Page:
Nanoparticle Couriers for GBM treatmentsWhen it comes to glioblastoma (GBM) treatments, there two key challenges: effective treatments and how to deliver them across the blood brain barrier. This grant has a fresh approach to both. Professor Brandner’s team are testing whether microRNAs can stop tumour growth when delivered by nanoparticles.
Dr Ola Rominiyi
3D models to understand invading GBM cellsThis innovative research project will develop a new 3D model of glioblastoma (GBM) for lab assessments. The researchers, based in Sheffield, will also use the model to prioritise some of the best potential drugs to enhance current therapies.
Dr Philipp Euskirchen
Working towards a faster diagnosisMolecular biomarker testing is becoming routine for people with brain tumours because it provides clinicians with a clearer path to the best available treatment. This project aims to decrease the time it takes to get the tests done, meaning that people have faster diagnoses and start on the best treatments sooner.
Dr Lucy Stead
Using nanobiopsy to see how tumours change during treatmentThis project is using advanced technology called nanobiopsy to extract tiny samples from living cells without killing them. Over the course of treatment, the team – led by Dr Lucy Stead at University of Leeds – will be able to take samples to see how the tumour changes. Find out more
Professor Thomas Wurdinger
Investigating combined drug treatmentsThis collaboration, being led from Amsterdam, will also involve UK researchers from the University of Cambridge, the Sanger Institute and IOTA Pharmaceuticals. They will be looking at existing drugs in different combinations. They have sophisticated software that will analyse already-licensed drugs to see which ones could work together to treat Glioblastoma (GBM). Find out more
Professor Steve Pollard
Linking glioblastomas to DNA-protein parcelsProfessor Pollard and his group are exploiting the latest genome editing technologies that have opened up new opportunities for understanding the biology of glioblastomas (GBM). Find out more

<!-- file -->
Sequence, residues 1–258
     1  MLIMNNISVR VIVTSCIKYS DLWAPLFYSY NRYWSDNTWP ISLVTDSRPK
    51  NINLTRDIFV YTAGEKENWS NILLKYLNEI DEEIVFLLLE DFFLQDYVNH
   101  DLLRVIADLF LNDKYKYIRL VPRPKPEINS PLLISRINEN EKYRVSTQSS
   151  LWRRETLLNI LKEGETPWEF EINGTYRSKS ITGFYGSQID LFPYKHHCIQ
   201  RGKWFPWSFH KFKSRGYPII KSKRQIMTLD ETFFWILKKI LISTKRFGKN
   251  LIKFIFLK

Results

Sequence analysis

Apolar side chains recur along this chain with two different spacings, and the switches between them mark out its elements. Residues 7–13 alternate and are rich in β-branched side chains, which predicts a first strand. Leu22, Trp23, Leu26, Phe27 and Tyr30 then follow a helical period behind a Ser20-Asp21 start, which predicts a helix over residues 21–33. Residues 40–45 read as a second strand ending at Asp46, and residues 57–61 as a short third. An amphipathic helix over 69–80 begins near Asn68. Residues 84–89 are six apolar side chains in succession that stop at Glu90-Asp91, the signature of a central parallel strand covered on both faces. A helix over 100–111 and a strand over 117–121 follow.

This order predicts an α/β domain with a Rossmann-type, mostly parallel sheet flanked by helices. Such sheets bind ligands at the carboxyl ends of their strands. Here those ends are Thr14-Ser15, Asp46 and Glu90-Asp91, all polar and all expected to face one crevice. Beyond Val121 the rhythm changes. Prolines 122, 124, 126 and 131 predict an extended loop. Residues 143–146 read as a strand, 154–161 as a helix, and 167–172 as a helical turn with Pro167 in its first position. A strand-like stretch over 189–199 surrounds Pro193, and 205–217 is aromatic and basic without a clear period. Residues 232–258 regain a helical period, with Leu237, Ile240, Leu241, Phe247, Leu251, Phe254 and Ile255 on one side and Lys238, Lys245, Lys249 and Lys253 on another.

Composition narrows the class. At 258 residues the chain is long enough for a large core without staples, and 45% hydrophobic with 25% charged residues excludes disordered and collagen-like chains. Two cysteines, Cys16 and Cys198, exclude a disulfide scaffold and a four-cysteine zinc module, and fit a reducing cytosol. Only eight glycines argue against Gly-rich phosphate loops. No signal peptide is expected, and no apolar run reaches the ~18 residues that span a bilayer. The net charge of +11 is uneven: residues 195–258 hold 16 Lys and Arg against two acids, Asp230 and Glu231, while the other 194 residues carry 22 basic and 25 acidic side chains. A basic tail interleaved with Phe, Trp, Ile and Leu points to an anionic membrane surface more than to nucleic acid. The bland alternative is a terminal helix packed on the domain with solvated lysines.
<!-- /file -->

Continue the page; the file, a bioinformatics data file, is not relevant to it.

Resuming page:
Dr Vincenzo D'Angiolella
Targeting glioblastoma cell metabolismThis grant aims to explore and target the increased metabolism of glioblastoma (GBM) cells which allow them to grow so quickly. In normal, healthy cells a lot of genes can cause metabolism to increase or decrease, speeding up or slowing down the cell’s growth. This research project will help to improve our knowledge of the differences between healthy brain tissue and tumour cells. It will help us better understand the underlying mechanisms driving aggressive glioblastomas, and identify ways in which we can disrupt these interactions with drugs to slow tumour growth. Find out more
Dr Adam Waldman
Predicting patient survival – a new method of MRIResearchers at Imperial College London have developed a new MRI scanning technique that will accurately measure how a tumour is responding to therapy. The team, led by Dr Adam Waldman, have developed a technique called Diffusion Weighted Imaging (DWI) which measures the properties of water in both the tumour and surrounding brain to detect changes in growth. These changes can be identified at an earlier stage using DWI in comparison with standard MRI. This technique will now be trialled in newly diagnosed glioblastoma patients across five different brain tumour research centres to confirm whether DWI is a more reliable method than standard MRI. Find out more
Dr Jan Schuemann
Extreme dose rate proton therapyPrevious studies have shown that delivering radiotherapy extremely rapidly can dramatically reduce side-effects. Radiation therapy that delivers the same dose of radiation in a much shorter period of time is called extreme dose radiation (EDR). EDR therapy has not been tested using proton beams, and that’s where this innovative research project comes in. The research team, led by Dr Schuemann, will use pre-clinical models to test EDR proton therapy with the aim of establishing a treatment regimen that’s effective and well-tolerated by people. They’ll compare EDR to conventional radiation delivery and look for any differences in side-effects, specifically looking into the effects on cognition and motor control. Learn more
Professor Neil Carragher
Targeting, treating and defeating glioblastomaProfessor Carragher will adopt a systematic approach to find new drug targets and new drug combinations to treat glioblastomas. In addition to discovering new combinations of drugs, they’ll continue their work by testing drug combinations already discovered by their team. This grant will allow researchers to suggest new combinations of therapies which have the greatest chance of being effective and well-tolerated in people. We hope that these new therapy combinations will signify a real step-change in the lives of people with a glioblastoma, improving quality of life and length of survival. Learn more